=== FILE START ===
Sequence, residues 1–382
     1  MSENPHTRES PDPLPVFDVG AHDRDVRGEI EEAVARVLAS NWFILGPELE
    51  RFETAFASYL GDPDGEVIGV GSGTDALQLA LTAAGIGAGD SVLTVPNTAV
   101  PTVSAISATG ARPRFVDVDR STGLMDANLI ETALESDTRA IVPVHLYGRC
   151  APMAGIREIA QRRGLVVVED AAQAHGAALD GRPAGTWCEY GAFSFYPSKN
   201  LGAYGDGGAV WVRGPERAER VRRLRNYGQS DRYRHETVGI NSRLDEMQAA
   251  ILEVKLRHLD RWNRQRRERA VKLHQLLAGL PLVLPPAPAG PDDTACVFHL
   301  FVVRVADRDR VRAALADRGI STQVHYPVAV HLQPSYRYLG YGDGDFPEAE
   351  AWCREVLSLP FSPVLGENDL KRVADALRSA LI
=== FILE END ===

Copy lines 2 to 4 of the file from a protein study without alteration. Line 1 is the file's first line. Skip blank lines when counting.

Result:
     1  MSENPHTRES PDPLPVFDVG AHDRDVRGEI EEAVARVLAS NWFILGPELE
    51  RFETAFASYL GDPDGEVIGV GSGTDALQLA LTAAGIGAGD SVLTVPNTAV
   101  PTVSAISATG ARPRFVDVDR STGLMDANLI ETALESDTRA IVPVHLYGRC